Two spacewalking astronauts have left the International Space Station to retrieve a critical inspection boom needed to check the shuttle Discovery for damage. They are preparing to install Japan's new research lab Kibo on the orbital outpost.
Veteran spacewalker Michael Fossum and his rookie partner Ronald Garan floated into open space as the station sailed about 340 kilometers over southeast Asia.
The spacewalkers were about an hour late getting started due to a problem with communication equipment.
Fossum and Garan's major task is to remove protective covers from the boom's laser and camera and disconnect cables so it can be returned to the shuttle for an inspection later in the mission.
The astronauts are also scheduled to inspect a damaged metal ring needed to move the station's solar wing panels to track the sun for power. They will use a tool similar to a dentist's pick to try to scrape away debris and see if they can clean the ring. If the technique works, NASA intends to have its next service crew attempt a full cleanup.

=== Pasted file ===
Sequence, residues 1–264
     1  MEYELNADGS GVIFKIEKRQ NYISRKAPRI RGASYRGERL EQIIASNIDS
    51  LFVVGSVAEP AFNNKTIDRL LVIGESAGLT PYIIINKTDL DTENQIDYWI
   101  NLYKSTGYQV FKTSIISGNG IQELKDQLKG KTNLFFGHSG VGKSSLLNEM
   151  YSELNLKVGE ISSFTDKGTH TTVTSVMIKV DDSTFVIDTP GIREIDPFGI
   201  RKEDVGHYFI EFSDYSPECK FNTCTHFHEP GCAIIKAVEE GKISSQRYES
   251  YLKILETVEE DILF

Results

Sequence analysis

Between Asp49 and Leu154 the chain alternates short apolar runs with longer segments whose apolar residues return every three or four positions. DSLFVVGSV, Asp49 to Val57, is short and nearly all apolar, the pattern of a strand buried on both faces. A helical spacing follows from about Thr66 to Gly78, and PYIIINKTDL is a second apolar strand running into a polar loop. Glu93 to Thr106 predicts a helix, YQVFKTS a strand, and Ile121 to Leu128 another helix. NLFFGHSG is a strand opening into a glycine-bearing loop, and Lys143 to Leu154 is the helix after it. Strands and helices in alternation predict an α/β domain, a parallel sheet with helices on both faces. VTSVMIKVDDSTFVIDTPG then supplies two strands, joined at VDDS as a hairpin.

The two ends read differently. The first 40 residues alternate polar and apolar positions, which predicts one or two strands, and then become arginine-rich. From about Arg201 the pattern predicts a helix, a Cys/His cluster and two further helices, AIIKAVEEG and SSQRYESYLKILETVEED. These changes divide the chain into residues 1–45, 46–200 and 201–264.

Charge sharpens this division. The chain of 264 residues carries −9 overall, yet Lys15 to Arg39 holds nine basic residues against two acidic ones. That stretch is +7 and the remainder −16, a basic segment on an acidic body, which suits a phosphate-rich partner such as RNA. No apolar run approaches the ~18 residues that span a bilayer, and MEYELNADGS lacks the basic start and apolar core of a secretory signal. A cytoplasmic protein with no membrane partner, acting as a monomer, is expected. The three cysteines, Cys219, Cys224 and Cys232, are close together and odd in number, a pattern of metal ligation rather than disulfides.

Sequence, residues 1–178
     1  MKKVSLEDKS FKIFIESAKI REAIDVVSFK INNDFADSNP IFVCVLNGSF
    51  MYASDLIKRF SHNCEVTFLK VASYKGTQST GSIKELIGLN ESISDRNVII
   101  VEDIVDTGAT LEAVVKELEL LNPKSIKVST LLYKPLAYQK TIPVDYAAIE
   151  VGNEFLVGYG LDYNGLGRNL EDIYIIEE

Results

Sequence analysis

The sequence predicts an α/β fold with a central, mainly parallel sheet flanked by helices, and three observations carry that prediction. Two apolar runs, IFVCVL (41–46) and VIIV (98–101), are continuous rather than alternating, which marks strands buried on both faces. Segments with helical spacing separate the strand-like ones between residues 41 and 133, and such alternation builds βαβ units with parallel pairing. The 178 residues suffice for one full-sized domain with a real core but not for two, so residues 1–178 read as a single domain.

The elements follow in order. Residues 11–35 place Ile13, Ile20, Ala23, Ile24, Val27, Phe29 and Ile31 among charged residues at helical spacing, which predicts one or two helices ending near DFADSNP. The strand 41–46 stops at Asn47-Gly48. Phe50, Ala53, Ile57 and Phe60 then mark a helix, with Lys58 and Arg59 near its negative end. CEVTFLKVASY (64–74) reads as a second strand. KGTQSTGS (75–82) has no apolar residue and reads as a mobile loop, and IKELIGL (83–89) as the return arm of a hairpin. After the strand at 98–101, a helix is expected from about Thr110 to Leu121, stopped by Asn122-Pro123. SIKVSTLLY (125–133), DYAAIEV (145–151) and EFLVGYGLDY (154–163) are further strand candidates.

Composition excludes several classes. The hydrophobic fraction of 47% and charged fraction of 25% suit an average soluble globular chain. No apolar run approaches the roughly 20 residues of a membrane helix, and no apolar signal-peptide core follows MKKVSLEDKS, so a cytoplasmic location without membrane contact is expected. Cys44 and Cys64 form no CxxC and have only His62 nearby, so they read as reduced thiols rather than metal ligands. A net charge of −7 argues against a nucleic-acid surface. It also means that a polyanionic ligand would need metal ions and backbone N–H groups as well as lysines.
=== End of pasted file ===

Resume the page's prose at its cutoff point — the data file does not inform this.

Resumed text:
Later on Tuesday, astronauts Akihiko Hoshide and Karen Nyberg, working from inside the station, will use the station's robot arm to pluck the Kibo lab from the shuttle's cargo bay and attach it to the Harmony module.
Discovery is scheduled to spend 2 weeks in orbit.
The main goal of Discovery's mission is to deliver Japan's one billion US dollar Kibo laboratory.